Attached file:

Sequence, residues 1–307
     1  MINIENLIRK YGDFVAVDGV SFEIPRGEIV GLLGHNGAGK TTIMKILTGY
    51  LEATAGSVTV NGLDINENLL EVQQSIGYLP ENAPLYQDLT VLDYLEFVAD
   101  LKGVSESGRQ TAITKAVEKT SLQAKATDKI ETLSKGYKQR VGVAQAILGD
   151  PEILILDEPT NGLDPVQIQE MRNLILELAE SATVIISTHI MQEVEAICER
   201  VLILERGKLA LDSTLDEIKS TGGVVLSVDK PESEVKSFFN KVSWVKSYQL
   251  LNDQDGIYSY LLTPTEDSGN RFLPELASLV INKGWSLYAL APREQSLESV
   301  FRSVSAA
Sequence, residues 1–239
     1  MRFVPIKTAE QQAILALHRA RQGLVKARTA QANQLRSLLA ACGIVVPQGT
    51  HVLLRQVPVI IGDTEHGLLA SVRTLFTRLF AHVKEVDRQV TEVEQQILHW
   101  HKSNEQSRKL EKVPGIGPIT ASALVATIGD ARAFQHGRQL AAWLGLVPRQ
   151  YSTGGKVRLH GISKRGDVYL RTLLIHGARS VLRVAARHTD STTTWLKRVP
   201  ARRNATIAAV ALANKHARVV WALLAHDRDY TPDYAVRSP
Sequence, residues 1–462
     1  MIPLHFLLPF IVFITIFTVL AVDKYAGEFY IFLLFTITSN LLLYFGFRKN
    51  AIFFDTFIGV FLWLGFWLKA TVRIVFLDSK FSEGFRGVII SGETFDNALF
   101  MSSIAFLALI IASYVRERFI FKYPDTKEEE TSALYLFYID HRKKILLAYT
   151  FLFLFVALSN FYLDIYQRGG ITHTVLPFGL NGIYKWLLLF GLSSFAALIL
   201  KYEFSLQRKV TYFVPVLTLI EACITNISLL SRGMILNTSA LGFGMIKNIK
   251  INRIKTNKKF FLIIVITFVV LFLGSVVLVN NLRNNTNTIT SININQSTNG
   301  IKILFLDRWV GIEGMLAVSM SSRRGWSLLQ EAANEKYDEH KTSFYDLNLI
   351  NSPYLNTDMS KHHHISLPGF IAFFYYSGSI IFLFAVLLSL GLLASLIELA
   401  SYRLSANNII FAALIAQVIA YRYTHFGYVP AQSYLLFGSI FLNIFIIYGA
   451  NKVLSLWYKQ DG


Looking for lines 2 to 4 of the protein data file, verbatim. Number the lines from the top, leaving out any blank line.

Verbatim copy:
     1  MINIENLIRK YGDFVAVDGV SFEIPRGEIV GLLGHNGAGK TTIMKILTGY
    51  LEATAGSVTV NGLDINENLL EVQQSIGYLP ENAPLYQDLT VLDYLEFVAD
   101  LKGVSESGRQ TAITKAVEKT SLQAKATDKI ETLSKGYKQR VGVAQAILGD